Born: 15 May 1920 in Surrey
Died: 19 December 2002 aged 82, in London
THE image of Barbara Lott haranguing the mousey, apologetic character of Ronnie Corbett’s Timothy in the BBC sitcom Sorry! is one of TV’s lasting memories of the 1980s.
As the tyrannical mother, Lott invested the character with just enough bile and horror to maintain credibility. She certainly never allowed her Phyllis to become stereotyped or a figure of fun.
It says much for her professionalism as the temptations to go "over-the-top" must have been considerable.
Lott had a considerable career elsewhere on television and on the stage. Her limited movie appearances included playing Ewan MacGregor’s mother in the controversial 1996 film The Pillow Book.
Barbara Dulcie Lott was born in Richmond. Her father was an executive at Ealing Studios and she was often in small roles or crowd scenes in early films.
She studied at the Royal Academy of Dramatic Art just after the war and found work throughout the 1950s in either repertory theatres or on national tours: many of which came to Scotland.
Her first TV appearance was with the BBC as Viola in Twelfth Night and this was swiftly followed by numerous roles in such dramas as Z Cars, Coronation Street (twice) through to long running series such as The Duchess of Duke Street and The Sandbaggers.
Her first major role came in 1978, when she was cast by the BBC in a new sitcom called Rings On Their Fingers. It starred Martin Jarvis and Diane Keen, who dithered away happily about their marriage plans. Mostly off rather than on. Lott played Jarvis’s mother, who was not at all happy with this unmarried arrangement (and living together in west Acton!): she supported her son in his indecision and made it clear she didn’t much care for the intended.
The series proved somewhat unpopular with the feminist movement, but that did not stop it running very successfully for three series, regularly getting more than 20 million viewers.
The way Lott treated the character must have struck bells somewhere in the BBC. In 1981 the Corporation was casting a new sitcom called Sorry! to star Ronnie Corbett. He was to be got up in unlikely heavy rimmed glasses and a short-sleeved sweater - and in an even more unlikely black wig. Corbett’s character had a mother who couldn’t accept that "her little boy" was an adult and, at the age of 40, had grown up.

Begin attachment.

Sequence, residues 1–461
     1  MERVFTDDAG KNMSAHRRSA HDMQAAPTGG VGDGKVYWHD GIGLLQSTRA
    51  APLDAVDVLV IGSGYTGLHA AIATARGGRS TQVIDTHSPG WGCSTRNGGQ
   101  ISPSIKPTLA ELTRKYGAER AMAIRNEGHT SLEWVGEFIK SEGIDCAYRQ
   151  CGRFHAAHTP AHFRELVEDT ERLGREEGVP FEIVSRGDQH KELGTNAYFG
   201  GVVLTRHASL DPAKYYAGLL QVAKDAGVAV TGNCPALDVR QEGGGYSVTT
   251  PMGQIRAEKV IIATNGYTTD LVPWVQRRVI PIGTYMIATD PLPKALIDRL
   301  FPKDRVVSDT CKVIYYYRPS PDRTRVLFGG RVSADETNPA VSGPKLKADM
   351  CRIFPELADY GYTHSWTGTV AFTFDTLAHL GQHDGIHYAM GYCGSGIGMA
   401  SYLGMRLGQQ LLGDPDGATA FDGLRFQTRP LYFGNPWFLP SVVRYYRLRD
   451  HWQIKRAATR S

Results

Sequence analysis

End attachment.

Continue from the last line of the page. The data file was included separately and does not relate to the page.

Lott’s harridan of a mother treated both Corbett and her husband (played by William Moore) with equal contempt although she reserved her most acerbic screams for Corbett: "Language, Timothy!" was much heard.
Lott’s aghast facial put-downs became something of a feature of the show. She had a way with a smile that could crack nuts within earshot and terrify anyone in range: it was usually Corbett. His inability to find any sort of girlfriend was a constant worry but the sheer fact that the show lasted for seven years (and has been much repeated) is a compliment to the actors involved.
To base a long running series on such a flimsy basis reflects their ability to brighten up their characters and keep them alive. Lott’s Phyllis matched Corbett’s finely constructed Timothy with majestic horror.
Lott’s films had included small parts in the likes of The Party’s Over (1962) and Ballet Shoes (1975).
Then in 1995, the avant-garde director Peter Greenaway cast Lott as Ewan MacGregor’s mother in his oriental tale The Pillow Book.
It was a demanding piece for Lott to get involved with in her mid-seventies, but despite some carnally explicit scenes and some rum goings-on, she delivered a performance which won praise from the critics.
In the 1950s, Lott married the television producer Stuart Latham (responsible for many episodes of Coronation Street). He died a decade ago.